Bioteams and bioteaming are the most
appropriate ways to think about
teams, networks and organizations in today's interconnected world.
Using the principles of bioteaming,
command-and-control leadership gives way to connect-and-collaborate, where every
member of an organizational team is a "leader." In nature and in bioteams,
leaders don't give commands, they transmit information, trusting the team
members' competencies and gaining accountability through transparency. True team
leadership is about cooperation, not control. It's about acting on
opportunities, and letting others lead the leader when they know best about
getting stuff done.
What They Are Saying
If you are looking for the book that describes the radical new model for teams
in today's world―this is it!
--Toby Coppel, Managing Director of Yahoo! Europe
Bioteams is a handbook for a new business model in which ideas are no longer
developed behind closed doors, but across company boundaries and amongst diverse
groups of people. It is this spirit of collaboration, not competition that will
be critical if we are to address the major social and economic challenges that
lie ahead. --Jonathan Kestenbaum, CEO, The National Endowment for Science,
Technology and the Arts and Board member of the Design Council, the UK
Technology Strategy Board and the Royal Shakespeare Company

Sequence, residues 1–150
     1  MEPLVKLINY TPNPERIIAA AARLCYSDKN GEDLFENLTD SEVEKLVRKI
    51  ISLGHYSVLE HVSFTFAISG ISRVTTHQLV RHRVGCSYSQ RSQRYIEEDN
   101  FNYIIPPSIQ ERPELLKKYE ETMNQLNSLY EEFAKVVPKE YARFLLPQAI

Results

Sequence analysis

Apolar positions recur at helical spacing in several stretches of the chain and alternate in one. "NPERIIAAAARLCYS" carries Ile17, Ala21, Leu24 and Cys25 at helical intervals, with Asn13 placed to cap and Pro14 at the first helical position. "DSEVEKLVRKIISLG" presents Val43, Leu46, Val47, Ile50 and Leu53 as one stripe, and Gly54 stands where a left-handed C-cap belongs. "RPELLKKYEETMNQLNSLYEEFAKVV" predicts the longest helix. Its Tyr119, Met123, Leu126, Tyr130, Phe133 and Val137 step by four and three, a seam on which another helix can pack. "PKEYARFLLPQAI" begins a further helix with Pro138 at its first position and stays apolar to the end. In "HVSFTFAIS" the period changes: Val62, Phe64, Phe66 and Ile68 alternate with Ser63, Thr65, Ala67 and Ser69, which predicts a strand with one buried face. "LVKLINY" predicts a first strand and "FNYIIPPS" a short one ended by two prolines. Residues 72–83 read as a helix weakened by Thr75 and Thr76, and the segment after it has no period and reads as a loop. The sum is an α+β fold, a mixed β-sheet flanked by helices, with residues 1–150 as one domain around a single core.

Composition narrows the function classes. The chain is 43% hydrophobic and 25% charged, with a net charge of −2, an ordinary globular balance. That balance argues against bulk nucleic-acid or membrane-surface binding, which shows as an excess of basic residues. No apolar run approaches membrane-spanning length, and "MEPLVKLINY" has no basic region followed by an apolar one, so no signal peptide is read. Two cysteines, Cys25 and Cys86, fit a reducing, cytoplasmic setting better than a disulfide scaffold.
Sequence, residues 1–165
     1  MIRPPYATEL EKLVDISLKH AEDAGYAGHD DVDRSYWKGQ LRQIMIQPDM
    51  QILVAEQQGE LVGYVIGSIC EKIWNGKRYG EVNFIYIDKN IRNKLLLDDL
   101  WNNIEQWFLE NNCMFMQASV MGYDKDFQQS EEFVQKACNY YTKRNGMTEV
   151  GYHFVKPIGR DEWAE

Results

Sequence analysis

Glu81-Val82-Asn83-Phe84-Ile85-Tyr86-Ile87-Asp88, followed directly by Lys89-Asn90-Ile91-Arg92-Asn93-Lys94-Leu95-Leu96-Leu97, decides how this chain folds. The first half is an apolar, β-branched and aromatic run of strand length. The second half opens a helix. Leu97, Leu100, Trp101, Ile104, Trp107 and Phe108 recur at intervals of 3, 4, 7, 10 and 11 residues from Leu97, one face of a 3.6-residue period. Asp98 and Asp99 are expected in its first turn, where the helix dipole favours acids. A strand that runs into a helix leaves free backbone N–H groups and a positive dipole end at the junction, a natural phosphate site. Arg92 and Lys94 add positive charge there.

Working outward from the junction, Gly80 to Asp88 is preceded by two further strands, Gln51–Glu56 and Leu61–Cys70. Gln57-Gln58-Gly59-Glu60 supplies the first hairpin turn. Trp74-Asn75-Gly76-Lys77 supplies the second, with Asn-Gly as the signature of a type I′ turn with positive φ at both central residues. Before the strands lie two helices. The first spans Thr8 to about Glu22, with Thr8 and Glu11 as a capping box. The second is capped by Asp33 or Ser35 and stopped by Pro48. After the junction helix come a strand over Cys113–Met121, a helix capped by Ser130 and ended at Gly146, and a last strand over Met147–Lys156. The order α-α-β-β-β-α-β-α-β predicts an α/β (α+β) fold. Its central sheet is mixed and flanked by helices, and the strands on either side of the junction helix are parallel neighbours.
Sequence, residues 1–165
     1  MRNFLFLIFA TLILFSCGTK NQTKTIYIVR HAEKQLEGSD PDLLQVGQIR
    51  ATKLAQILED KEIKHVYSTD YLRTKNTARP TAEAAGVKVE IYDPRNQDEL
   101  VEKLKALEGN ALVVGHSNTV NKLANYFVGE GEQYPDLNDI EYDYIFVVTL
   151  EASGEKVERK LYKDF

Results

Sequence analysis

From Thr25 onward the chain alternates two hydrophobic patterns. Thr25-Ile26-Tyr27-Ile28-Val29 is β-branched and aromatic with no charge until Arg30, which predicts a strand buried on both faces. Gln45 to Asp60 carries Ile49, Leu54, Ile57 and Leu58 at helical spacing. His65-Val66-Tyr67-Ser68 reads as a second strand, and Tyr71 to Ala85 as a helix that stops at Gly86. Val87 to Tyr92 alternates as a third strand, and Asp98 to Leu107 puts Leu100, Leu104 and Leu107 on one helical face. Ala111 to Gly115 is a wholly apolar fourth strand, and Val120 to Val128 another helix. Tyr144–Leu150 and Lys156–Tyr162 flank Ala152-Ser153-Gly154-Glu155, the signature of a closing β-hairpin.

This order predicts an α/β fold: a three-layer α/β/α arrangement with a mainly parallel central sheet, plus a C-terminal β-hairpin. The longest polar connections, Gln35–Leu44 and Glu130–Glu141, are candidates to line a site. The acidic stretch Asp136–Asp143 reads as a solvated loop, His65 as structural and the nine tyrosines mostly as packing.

When I heard that Ken Thompson was writing a book to support the concept of
bioteams I was very excited. To have a book of proven rules, techniques and
ideas with examples that enable teams to be more agile, more effective and
overcome the natural latency in responding to business situations is
--Charles Bess, EDS Fellow
Ken Thompson's mix of decades of practical business experience, a new idea about
the way teams work together online, and his insights and analogies from
nature's teams give his writing a freshness and a new perspective that I find
compelling. He's not an expert handing down pronouncements; instead he's an
active, still curious, researcher on the track of something new and important.
--Kevin Jones, Former Columnist at Forbes, Principal, Good Capital
There is a spectre haunting the world: the spectre of peer to peer
collaboration. This is how trillions of social insects, arguably the most
successful species on the planet, organise themselves. Ken Thompson not only